Missouri lawmakers this year made deep cuts to the state budget that takes effect next month. They had to slash money for many social services and for various education programs, including Parents as Teachers and Career Ladder. Governor Jay Nixon has indicated he may slice up to $350 million more when he signs the budget into law.
Fellow Democrats have proposed ways to keep the budget-cutting knife out of Nixon's hand by enhancing revenue. One common suggestion is raising Missouri's cigarette tax, but that's not as easy as it sounds. Holding the line on taxes has been one of the few things that Democratic Governor Jay Nixon and the GOP-led General Assembly have agreed on during the past two legislative sessions. And that includes so-called "sin" taxes on cigarettes, alcohol, and the like.
At a recent stop in St. Louis, Nixon expressed his opposition to raising the state's cigarette tax. "Missouri voters have twice rejected that in recent years," said Nixon. "There may be a time in which some groups want to push that forward and if so, it'd be interesting to look at."
But the governor indicated that's not likely to happen any time soon. A few House Democrats tried this year to persuade the majority to consider raising the cigarette tax. For the past two years, Jamilah Nasheed of St. Louis has sponsored legislation to boost it from 17 cents to 33 cents a pack. "The first year, it got a hearing," said Nasheed. "And the second time that I sponsored the bill, they didn't even refer (it) to the committee."
And during the final days of session, fellow Democrat Mary Wynne Still of Columbia pushed for a cigarette tax hike by adding it onto a separate bill as an amendment. Her measure would have raised the tax by 12 cents a pack. But she never got the chance to present her amendment, as she was not recognized by the acting Speaker of the House the day before session ended. Proposals to raise any tax in Missouri have to withstand the scrutiny of the Hancock Amendment to the state constitution, which includes a provision requiring voter approval of tax hikes.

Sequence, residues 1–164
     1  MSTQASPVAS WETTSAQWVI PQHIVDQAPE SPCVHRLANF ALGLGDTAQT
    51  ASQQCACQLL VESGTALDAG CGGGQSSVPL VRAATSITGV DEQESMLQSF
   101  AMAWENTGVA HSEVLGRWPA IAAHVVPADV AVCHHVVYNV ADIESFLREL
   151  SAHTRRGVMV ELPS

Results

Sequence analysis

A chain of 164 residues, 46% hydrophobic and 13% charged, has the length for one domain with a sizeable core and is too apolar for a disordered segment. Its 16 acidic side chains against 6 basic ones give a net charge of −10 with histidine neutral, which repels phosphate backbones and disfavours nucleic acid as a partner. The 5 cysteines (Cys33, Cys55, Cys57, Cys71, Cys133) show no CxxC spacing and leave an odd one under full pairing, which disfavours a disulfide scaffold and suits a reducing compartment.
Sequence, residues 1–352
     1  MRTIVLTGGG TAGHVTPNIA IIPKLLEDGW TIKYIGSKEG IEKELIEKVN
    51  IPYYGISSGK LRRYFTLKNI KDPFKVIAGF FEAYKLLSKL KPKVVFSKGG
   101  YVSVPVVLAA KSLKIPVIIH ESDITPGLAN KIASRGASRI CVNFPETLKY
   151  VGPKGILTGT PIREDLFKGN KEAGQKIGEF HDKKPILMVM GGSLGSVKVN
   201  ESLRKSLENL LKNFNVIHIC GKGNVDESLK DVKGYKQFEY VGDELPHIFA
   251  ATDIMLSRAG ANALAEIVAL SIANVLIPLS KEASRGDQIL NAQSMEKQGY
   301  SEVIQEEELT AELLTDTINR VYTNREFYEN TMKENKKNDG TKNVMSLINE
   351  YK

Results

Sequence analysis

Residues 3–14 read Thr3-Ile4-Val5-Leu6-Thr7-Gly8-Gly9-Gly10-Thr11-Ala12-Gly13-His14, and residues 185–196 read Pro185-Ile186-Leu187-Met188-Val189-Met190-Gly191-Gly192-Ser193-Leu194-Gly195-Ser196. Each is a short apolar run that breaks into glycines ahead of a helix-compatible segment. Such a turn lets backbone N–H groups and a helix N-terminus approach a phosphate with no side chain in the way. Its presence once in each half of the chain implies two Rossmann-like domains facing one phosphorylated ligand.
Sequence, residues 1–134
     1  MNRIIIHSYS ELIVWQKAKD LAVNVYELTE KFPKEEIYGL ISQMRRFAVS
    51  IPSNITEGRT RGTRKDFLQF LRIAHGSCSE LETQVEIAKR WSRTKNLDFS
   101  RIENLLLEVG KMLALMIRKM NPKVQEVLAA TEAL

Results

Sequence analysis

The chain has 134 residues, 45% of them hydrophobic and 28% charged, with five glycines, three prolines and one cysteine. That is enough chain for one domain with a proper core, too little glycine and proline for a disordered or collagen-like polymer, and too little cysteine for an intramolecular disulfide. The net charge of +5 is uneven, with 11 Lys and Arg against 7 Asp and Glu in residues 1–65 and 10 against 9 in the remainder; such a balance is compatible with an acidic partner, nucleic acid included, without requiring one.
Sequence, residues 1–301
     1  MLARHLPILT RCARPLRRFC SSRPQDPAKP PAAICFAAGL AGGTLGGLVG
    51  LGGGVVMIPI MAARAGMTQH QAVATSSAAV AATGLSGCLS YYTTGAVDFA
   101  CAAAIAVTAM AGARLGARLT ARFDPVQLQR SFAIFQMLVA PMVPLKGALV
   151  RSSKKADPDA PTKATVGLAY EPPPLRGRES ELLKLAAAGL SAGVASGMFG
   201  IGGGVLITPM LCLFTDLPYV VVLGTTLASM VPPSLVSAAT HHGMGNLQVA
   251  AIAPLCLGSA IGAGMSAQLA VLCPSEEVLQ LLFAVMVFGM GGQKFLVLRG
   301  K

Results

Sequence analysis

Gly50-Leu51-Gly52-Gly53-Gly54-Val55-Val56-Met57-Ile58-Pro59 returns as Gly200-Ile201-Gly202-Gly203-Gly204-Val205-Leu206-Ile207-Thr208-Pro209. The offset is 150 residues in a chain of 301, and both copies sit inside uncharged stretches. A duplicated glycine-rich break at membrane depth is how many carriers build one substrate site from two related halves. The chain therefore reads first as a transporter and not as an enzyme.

And as Nixon noted, Missouri voters have rejected two attempts in the past decade to raise the cigarette tax. Republican House Speaker Pro Tem Bryan Pratt cites that as reason enough to leave the state's cigarette tax alone. "If it increases revenue by a certain amount, and that changes every year with the Hancock Amendment, it would have to go to a vote of the people," said Nixon.
But Nasheed contends her proposal would not have required a statewide vote. "If the increase on taxes for tobacco is at $90 million, then that's below the Hancock Amendment," said Nasheed. "And so if that being the case, we don't have to take it to a vote of the people."
The one unknown factor will be the influx of new lawmakers who will replace those leaving this year because of term limits. Will they be more open to raising the cigarette tax?
"I think it's probably more likely in a non-election year than an election year, and I believe that there is some evidence that that is the trend," said Marvin Overby, a political science professor at the University of Missouri - Columbia. But there's no guarantee that 2011 will be any different than 2010. Overby suggests lawmakers who are subject to term limits may tend to focus more on the next election.
Reference: Raising cigarette tax difficult in Missouri, Marshall Griffin, St. Louis Public Radio, 6/8/2010.
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